The HeavyJob Mobile App is loaded with the list of jobs and cost codes/budgets, employees, and equipment via an interface with the contractor’s accounting system. This provides foremen with the resources required to track their work and enter important daily project information for their crew.
Foremen have access to current digital plan sheets using HCSS Plans to review for the area in which they are working, review the details or specifications, and add annotations to the plans for others to see or for future reference.
The HCSS Skills System is used to determine if crew members have the required skills or certifications—such as for confined space—before performing this work.
“If they have subcontractors working on the project, they can record the size of the subcontractor’s crew and the work performed,” says Williams.
“Foremen have access to the latest information for ongoing RFIs or submittals due to the connection between HeavyJob and HCSS Project Management. When they have completed their time card, the foremen can send it to the office electronically along with their notes and other information.”
The HeavyJob Manager system can be set up as either a desktop or web application and contains the master lists of jobs, cost codes, budgets, employees, and equipment, typically updated automatically from the contractor’s accounting system.
The HeavyJob Manager system receives the digital time cards and diaries sent in by the foremen, who use the time card information to provide timely reports for items such as labor costs, equipment cost, productivity, and material tracking.
Topcon has the technology to turn a road construction plan into a visual 3D model that can be shared instantly with heavy machines such as motor graders, bulldozers, excavators, and pavers, on active project sites.
“We can use that plan on those machines starting with the rough grading, the subgrade, and the finished grade,” notes Painter.
Topcon’s Millimeter GPS is a laser-augmented device offering millimeter accuracy for precision on the job site.
“There are a lot of tight tolerances on these jobs because materials cost as much money as they do,” says Painter.
A sub-grade can be executed within a millimeter of accuracy.
All of Topcon’s products can be used on multiple machines rather than having to use different types of operating systems for the finish machines, Painter points out.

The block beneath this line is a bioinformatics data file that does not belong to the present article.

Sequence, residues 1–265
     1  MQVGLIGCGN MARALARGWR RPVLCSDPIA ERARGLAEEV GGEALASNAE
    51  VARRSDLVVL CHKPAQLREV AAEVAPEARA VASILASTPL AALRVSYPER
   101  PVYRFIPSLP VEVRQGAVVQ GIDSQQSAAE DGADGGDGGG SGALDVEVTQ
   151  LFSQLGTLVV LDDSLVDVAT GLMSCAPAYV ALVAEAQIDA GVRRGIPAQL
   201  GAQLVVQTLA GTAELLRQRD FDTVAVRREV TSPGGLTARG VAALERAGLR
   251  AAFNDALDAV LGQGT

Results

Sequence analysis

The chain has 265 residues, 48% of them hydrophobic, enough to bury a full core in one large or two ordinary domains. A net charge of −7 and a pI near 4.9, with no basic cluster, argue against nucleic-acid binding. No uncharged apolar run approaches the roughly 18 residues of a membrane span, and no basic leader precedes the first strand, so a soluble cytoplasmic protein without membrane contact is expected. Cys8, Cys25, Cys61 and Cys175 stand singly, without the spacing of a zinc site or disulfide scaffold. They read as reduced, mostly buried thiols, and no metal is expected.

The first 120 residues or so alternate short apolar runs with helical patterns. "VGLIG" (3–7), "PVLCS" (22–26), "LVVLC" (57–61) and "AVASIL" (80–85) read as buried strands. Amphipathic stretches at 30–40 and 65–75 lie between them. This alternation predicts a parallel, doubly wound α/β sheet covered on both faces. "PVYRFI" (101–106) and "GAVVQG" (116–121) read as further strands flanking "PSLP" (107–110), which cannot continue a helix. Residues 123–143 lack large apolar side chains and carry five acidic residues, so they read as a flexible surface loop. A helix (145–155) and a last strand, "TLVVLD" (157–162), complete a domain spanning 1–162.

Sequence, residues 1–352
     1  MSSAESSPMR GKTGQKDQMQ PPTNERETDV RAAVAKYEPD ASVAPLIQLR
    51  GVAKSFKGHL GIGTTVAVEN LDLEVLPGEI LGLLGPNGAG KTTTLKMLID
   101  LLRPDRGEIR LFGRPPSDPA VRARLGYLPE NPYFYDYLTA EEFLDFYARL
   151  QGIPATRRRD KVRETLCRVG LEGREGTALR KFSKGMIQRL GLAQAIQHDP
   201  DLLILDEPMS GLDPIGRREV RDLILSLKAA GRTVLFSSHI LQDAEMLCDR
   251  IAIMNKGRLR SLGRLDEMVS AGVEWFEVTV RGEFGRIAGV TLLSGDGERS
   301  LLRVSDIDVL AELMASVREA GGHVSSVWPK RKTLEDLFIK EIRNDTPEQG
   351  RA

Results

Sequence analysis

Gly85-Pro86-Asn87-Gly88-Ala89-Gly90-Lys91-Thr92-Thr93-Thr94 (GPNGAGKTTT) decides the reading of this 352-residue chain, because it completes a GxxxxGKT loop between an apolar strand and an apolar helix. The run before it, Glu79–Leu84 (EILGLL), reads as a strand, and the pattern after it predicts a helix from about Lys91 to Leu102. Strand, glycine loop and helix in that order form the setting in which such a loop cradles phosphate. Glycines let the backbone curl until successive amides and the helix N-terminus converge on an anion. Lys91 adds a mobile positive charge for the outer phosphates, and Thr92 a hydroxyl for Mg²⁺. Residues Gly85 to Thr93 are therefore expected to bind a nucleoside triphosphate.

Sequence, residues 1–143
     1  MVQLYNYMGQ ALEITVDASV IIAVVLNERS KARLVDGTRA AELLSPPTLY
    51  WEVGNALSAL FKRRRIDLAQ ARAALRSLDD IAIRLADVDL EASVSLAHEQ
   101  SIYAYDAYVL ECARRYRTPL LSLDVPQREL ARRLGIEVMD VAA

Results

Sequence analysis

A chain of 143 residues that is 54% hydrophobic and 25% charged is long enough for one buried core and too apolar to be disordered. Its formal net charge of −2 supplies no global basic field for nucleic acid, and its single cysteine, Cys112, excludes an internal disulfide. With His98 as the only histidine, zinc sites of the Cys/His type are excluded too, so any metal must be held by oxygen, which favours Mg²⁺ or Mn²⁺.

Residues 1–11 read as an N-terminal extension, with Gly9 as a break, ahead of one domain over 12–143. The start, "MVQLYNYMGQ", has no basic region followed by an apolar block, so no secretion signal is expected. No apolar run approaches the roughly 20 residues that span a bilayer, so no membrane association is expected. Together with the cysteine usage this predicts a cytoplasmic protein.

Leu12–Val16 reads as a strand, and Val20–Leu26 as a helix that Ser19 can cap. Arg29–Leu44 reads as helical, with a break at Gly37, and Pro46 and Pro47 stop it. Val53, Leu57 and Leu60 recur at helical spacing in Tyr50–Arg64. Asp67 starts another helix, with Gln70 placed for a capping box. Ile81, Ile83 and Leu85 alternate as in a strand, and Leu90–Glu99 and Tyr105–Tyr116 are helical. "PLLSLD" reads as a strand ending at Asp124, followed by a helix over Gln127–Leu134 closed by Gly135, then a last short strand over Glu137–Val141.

“The same device we use on our motor grader, we can take that off and put it on our concrete paver and pave the finish grade with that, whether it be concrete or asphalt,” he adds.
Topcon offers local positioning systems (LPS), which are robotic total station solutions. They use a robotic total station and a prism on the machine that offers accuracy within millimeters for a concrete or asphalt finish grade or subgrade.
Topcon also offers intelligent compaction for roller systems.
In areas where the life of a road may be shorter due to weather conditions, no technology can mitigate the effects of frost that cause a road to move, heave, and bust up, Painter points out.
“But if we can make the road more accurate from the start, instead of having to replace freeways every two years, maybe we can stretch that out to four years with the technology that Topcon offers,” says Painter.
Topcon’s SmoothRide is an asphalt road resurfacing system using an RD-M1 road resurfacing scanner that the contract uses to scan the road to be paved. It scans bumps, variations, and poor road surfaces into Topcon software, which generates a model that is put into an asphalt paver used to pave over the rough surface, making a smooth ride possible.
“The issue with asphalt paving is it's always been kind of a guess as to how much is needed to make it smooth,” says Painter.
The RD-M1 scanner technology can also be used to ascertain the success of the finished road product.
“All contractors, whether they're large or small, are realizing that they need to get into the automation business to be competitive,” Painter points out. “All of these jobs are so closely bid that if they don't offer automation technology, they're finding they can't bid tight enough to get those jobs."
Trimble software drives a construction site operation from the initial concept planning to the final phase of owning, operating, and maintaining a road, notes Kevin Garcia, general manager of civil specialty construction.